September 15- October 15 is Hispanic Heritage Month. During this time the histories, cultures and contributions of American citizens whose ancestors came from Spain, Mexico, the Caribbean and Central and South America are celebrated and recognized nationally. As part of this celebration, UF Health Jacksonville is spotlighting a few employees who share what they’re Hispanic heritage means to them and how it influences them in their daily work with patients.
This spotlight features Lourdes Dale, PhD, Clinical Associate Professor, Psychiatry – Jacksonville.
What do you find most rewarding about working with patients in your field?
The most rewarding part of my job is hearing the patients’ stories and then doing psychological testing to help them understand themselves, including their strengths and needs. I appreciate being able to relatively quickly make a big difference in my patients’ lives.
How do you feel you help grow the representation of Hispanics in health care?
Although Hispanics come from many different countries and have different histories, they share some values. In many Hispanic families, children are taught get over it rather than to talk about their feelings and problems. As a Hispanic psychologist, I appreciate being able to help my patients to talk about their feelings and concerns and to teach them that this process is the first step to making the necessary changes in their lives.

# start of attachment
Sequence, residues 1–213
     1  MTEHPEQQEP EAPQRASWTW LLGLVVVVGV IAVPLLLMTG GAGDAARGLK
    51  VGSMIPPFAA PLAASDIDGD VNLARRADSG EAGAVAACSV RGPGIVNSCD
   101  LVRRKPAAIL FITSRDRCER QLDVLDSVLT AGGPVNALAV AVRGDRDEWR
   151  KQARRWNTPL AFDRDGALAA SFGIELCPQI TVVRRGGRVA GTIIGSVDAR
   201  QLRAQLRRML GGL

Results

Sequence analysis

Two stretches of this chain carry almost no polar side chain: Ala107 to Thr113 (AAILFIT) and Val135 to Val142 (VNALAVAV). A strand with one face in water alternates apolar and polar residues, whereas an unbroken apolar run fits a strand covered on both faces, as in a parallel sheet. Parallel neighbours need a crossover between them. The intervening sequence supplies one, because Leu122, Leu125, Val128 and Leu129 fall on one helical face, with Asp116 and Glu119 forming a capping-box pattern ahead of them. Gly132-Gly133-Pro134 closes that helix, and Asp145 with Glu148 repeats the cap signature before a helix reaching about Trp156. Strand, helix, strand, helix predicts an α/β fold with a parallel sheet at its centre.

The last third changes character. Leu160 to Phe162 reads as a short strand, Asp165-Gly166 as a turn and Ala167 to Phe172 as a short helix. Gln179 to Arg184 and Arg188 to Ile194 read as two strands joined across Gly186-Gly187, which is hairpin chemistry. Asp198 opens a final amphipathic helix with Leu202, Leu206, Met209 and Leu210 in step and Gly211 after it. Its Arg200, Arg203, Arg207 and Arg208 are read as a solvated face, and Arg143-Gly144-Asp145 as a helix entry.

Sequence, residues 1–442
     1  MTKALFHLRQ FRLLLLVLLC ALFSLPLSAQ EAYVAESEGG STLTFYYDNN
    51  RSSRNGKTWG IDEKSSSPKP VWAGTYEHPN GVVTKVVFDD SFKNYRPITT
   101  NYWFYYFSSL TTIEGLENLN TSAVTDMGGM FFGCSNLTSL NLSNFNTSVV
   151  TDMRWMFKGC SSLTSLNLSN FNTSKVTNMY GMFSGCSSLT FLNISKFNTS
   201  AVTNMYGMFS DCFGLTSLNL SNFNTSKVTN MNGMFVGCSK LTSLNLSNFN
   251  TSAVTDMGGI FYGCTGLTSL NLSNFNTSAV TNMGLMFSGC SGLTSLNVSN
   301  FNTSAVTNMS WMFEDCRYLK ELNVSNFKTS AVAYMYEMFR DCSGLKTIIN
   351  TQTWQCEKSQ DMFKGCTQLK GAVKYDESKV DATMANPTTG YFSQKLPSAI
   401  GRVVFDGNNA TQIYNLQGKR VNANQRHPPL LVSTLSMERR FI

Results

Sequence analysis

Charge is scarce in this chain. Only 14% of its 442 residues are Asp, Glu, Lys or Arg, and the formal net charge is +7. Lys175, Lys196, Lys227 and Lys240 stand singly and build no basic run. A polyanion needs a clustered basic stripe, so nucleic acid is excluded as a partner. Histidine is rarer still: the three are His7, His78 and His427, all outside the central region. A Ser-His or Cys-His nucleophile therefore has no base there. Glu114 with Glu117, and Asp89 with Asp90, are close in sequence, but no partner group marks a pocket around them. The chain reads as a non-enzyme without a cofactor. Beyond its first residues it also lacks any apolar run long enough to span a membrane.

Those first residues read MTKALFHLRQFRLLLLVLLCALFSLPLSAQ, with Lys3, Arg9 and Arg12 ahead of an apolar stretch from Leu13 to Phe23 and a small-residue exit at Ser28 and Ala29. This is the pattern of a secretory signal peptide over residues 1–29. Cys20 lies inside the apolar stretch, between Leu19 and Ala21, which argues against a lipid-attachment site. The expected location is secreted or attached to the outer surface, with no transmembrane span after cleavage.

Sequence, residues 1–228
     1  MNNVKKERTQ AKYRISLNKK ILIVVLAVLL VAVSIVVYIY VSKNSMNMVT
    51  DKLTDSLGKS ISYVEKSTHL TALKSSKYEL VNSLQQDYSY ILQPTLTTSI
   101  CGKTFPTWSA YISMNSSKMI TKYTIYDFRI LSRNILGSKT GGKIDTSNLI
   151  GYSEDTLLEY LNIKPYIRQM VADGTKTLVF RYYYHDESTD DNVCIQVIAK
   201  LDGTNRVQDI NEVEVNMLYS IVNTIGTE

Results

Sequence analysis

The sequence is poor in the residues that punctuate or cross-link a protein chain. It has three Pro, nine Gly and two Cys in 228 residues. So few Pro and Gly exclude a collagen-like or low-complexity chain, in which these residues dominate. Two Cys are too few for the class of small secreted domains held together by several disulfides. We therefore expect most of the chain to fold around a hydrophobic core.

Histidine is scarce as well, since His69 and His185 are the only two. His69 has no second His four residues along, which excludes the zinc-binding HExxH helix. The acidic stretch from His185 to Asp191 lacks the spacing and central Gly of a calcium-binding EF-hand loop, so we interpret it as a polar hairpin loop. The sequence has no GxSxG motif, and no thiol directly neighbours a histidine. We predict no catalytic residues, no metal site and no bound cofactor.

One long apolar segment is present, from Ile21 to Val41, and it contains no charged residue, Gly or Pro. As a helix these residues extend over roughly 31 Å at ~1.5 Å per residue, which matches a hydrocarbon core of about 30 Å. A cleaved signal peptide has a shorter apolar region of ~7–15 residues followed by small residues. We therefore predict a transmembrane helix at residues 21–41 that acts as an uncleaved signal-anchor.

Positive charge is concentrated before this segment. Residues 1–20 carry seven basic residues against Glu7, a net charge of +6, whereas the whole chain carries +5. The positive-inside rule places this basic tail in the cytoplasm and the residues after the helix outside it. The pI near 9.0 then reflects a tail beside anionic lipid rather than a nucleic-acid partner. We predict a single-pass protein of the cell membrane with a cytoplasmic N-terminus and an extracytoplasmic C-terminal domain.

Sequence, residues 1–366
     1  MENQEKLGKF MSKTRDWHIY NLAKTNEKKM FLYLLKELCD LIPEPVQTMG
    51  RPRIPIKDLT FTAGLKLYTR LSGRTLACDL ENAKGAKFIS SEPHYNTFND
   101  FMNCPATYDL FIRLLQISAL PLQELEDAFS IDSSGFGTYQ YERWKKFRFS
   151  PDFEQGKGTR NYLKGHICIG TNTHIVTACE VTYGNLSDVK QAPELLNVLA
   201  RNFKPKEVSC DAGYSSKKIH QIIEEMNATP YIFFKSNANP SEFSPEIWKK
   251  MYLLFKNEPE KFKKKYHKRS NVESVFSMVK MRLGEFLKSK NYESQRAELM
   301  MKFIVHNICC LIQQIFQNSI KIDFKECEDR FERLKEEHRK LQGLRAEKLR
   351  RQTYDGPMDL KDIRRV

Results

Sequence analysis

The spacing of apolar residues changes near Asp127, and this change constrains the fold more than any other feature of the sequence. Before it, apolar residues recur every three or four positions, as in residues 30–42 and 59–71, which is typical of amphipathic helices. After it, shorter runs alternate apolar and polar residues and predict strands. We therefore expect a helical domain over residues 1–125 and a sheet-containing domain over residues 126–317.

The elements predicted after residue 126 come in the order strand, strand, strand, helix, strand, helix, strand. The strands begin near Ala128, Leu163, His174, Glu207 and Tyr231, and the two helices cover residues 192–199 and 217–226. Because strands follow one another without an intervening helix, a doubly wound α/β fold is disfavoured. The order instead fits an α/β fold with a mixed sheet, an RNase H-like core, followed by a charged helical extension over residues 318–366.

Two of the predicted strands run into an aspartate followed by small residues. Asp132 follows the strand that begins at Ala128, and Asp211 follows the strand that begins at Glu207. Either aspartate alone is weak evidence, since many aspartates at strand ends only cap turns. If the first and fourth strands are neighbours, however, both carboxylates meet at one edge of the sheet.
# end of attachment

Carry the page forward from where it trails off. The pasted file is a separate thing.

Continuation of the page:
How does having representation in health care affect the overall patient experience?
Even if Hispanic patients speak the language, they may struggle to feel understood. As a Hispanic, they see me as one of their own and someone who can understand where they come from and their values. I believe Hispanic patients are more at ease when they realize that we share the same culture.
What does your Hispanic heritage mean to you?
Like many other Cuban families, my parents arrived in this country with nothing material, as they could not even bring my mother’s wedding ring. However, what they brought was more important. They believed that through hard work they could pass along a good life to their kids. My father worked six days a week while my mother made our clothes to save money. We did not get to buy all we wanted, unless it was necessary for school. My parents taught us that hard work and an education were the keys to a better life. I am proud that my brothers and I have been able to benefit from what we were taught and to be able to pass along these values to our children.